• anorexia nervosa;
  • diagnostic criteria;
  • body mass index;
  • starvation;
  • eating disorders;
  • DSM V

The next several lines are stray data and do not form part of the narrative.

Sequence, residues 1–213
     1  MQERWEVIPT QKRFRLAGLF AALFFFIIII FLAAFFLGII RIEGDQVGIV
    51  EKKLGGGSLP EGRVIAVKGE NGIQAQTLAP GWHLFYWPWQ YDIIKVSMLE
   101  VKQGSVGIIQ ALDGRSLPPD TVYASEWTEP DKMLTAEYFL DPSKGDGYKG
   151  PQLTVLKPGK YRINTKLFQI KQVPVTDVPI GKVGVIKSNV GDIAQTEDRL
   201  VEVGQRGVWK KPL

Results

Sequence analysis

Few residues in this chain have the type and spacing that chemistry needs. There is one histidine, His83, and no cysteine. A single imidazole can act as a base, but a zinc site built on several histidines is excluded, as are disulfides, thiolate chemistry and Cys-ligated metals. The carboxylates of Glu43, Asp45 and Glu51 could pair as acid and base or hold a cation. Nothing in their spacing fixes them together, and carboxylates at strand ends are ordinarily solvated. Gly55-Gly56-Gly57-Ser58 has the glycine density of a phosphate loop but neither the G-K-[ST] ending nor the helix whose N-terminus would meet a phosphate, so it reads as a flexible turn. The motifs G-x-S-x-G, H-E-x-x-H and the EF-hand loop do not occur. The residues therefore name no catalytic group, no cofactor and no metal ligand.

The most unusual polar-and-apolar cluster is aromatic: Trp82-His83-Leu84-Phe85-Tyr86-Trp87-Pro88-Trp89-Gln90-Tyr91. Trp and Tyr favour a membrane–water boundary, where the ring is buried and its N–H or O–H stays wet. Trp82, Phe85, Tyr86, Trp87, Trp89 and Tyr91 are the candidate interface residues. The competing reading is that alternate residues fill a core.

DSM-V will be highly influential in shaping conceptions and perceptions of eating disorders by the lay public, patients, and health care providers over the next 10–15 years. DSM not only influences how medical and mental health care professionals diagnose and treat patients but also impacts health insurance policies, research funding, and clinical trials. Revisions to diagnostic criteria must be carefully considered, empirically based, and consistent with current thinking both within the field and across relevant fields. Resultant criteria should be descriptive and non-judgmental and based on empirical findings without recourse to assumed etiologies. In this forum, we review problems with the current DSM IV diagnostic criteria, concerns with the proposed DSM-5 diagnostic criteria, and present an alternative classification scheme for anorexia nervosa (AN), which more accurately captures the phenomenology of the disorder and is congruent in terminology with other fields of biomedicine. © 2010 by Wiley Periodicals, Inc. (Int J Eat Disord 2010)